Over the past 13 years, Motley Fool Hidden Gems recommendation Coinstar (NASDAQ:CSTR) has built a leading business out of its coin-counting business -- you've probably seen one of the company's machines in a supermarket or other retail outlet. Based on sophisticated and patented technologies, the machines are quick and efficient, and they allow retailers to generate additional revenues.

In addition to its large distribution network (for example, its machines are in more than 10,000 supermarkets), Coinstar has also been entering new lines of business, in large part through acquisitions. But the numbers in its quarterly report, released last week, suggest that the company is not yet realizing cost synergies from its acquisitions.

For its first quarter, Coinstar saw revenues increase from $43.1 million to $105.6 million over the same period last year. A big part of the growth was from acquisitions, including its purchase last year of American Coin Merchandising, which is involved in numerous areas of entertainment, such as skill crane machines, bulk vending, and kiddie rides.

But also during this time, net income increased from $4.61 million to $4.67 million ($0.21 per share). That figure is a bit troublesome in light of the surge in revenues.

In the first quarter of this fiscal year, Coinstar continued its acquisition spree. In March, the company purchased Mundo Communications Network, the operator of El Toro Prepaid. Mundo serves 2,300 retail accounts and offers a wide range of prepaid products and services, including credit and gift cards, wireless airtime, long distance, and loyalty programs.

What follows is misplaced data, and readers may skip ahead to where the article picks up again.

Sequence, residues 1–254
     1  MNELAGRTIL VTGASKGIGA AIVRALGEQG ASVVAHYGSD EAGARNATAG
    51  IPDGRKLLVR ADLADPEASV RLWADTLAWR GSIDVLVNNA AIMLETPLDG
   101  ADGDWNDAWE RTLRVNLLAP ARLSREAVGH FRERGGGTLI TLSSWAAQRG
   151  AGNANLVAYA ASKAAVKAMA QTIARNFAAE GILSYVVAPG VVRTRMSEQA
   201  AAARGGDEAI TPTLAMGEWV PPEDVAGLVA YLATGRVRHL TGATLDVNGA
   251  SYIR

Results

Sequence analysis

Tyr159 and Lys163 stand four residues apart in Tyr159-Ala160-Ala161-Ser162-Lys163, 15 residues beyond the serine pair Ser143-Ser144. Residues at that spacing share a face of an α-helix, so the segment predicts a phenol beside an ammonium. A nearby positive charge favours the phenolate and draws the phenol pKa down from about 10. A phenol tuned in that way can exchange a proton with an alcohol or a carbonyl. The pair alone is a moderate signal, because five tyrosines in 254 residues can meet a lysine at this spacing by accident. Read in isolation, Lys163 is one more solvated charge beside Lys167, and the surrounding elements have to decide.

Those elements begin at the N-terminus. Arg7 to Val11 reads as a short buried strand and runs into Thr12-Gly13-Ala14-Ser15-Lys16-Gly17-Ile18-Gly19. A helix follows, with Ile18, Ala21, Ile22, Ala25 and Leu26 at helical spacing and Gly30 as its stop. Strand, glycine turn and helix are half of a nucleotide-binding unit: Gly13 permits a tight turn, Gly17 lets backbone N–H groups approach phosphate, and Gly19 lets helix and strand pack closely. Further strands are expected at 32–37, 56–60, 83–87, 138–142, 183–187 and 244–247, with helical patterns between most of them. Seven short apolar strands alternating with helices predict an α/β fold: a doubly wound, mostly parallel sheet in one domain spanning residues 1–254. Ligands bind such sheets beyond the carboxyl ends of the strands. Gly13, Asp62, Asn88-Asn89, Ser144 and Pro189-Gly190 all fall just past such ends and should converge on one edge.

Coinstar has also been aggressive in striking alliances. For example, the company has co-branded retail gift cards with firms like Starbucks (NASDAQ:SBUX), Hollywood Entertainment (NASDAQ:HLYW), Pier 1 (NYSE:PIR), and Linens 'n Things (NYSE:LIN).

In terms of expectations, Coinstar predicts second-quarter net income of $0.17 to $0.23 per share. Revenues are expected to come in at $109 million to $115 million.

But then there are the headwinds. With retail sales slowing, Coinstar saw weakness in its entertainment-services business. It essentially bought a cyclical business shortly before the industry started to go downward. In fairness, this segment relies on impulse sales from foot traffic, which is generally the result of other retail activity. The coin-counting business, in contrast, is built on more of a planned activity.

And, of course, assimilating various acquisitions takes time. But Coinstar realizes that it needs to expand out of the coin-counting business to grow the company for the long term. Despite the recent fall-off -- with results on the top line not showing similar growth on the bottom line -- the company is not veering from this plan.

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Fool contributor Tom Taulli does not own shares of companies mentioned in this article.